fromInt = n =>
{
    return (n == 0 ? N0 : succ(fromInt(n - 1)));
};

The nop helper function used in the toInt function is simply the no-op Action delegate () => {}. To get to know how toInt works (as well as all the other functions, by means of formal proofs), have a look at my previous post again. Either way, a simple test shows all of the above works as well:

Console.WriteLine("Church numerals");
Unary("toInt", toInt, toInt, x => x, Enumerable.Range(0, 3).Select(i => fromInt((uint)i)).ToArray());
Unary("succ", succ, toInt, toInt, Enumerable.Range(0, 3).Select(i => fromInt((uint)i)).ToArray());
Unary("pred", pred, toInt, toInt, Enumerable.Range(1, 3).Select(i => fromInt((uint)i)).ToArray());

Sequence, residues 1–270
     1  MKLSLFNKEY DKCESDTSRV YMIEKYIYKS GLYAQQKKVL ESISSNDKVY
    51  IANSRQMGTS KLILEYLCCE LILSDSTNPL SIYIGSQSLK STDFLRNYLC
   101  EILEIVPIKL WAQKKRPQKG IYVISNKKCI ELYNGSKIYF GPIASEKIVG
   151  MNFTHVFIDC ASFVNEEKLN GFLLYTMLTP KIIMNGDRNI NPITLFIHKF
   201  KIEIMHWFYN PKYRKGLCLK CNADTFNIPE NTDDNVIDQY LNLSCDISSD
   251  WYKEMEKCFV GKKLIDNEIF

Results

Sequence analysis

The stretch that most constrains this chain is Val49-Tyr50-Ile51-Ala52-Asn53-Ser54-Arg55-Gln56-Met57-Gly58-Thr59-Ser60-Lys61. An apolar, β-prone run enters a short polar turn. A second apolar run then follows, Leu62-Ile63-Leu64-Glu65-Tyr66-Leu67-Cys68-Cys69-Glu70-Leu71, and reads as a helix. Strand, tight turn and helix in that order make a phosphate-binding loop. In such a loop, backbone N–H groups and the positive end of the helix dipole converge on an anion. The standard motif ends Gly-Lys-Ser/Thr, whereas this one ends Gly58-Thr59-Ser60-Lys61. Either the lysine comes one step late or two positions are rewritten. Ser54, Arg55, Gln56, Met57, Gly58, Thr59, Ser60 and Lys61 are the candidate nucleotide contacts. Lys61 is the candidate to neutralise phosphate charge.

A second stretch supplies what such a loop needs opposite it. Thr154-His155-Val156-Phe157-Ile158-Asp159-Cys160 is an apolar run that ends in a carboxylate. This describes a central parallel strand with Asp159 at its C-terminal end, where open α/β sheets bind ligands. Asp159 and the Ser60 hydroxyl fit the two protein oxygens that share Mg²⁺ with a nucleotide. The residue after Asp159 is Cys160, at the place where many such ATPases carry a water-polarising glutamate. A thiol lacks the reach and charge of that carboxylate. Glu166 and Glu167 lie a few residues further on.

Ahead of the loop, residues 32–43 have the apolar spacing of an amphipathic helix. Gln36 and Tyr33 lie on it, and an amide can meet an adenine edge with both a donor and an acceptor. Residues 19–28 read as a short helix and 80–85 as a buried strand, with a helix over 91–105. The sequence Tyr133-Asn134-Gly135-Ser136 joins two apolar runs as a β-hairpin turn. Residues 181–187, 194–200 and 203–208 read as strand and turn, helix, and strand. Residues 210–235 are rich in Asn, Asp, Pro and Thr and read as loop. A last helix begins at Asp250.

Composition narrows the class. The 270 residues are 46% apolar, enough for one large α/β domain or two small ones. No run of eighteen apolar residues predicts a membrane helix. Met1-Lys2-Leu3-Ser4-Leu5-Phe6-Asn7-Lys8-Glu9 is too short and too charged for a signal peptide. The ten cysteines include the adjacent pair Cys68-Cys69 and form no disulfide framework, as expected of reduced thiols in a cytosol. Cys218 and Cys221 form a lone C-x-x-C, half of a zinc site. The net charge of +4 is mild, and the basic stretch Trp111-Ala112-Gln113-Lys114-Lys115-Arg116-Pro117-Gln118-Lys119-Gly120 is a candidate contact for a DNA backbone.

Unary("zero", zero, toInt, toBool, Enumerable.Range(0, 2).Select(i => fromInt((uint)i)).ToArray());
Binary("plus", plus, toInt, toInt, Enumerable.Range(0, 3).Select(i => fromInt((uint)i)).ToArray());
Binary("mul", mul, toInt, toInt, Enumerable.Range(0, 3).Select(i => fromInt((uint)i)).ToArray());
Binary("exp", exp, toInt, toInt, Enumerable.Range(1, 3).Select(i => fromInt((uint)i)).ToArray());
Console.WriteLine();

Resulting in:

image

 

Church pairs and lists

As an outtake for today’s installment, let’s show how to realize pairs and lists using functions:

//
// Pairs
//
var Pair = λ(x => λ(y => λ(z => ß(ß(z, x), y)))); // \xy.\z.zxy
var Fst = λ(p => ß(p, T)); // \p.pT
var Snd = λ(p => ß(p, F)); // \p.pF

var pair = toFunc2(Pair);
var fst = toFunc1(Fst);
var snd = toFunc1(Snd);

Func<Action, Tuple<object, object>> toPair = a => new Tuple<object, object>(ext(fst(a)), ext(snd(a)));
Func<Tuple<object, object>, Action> fromPair = p => pair(inj(p.Item1), inj(p.Item2));

Assert(toInt(fst(pair(N1, N2))) == 1, "fst(pair(N1, N2))");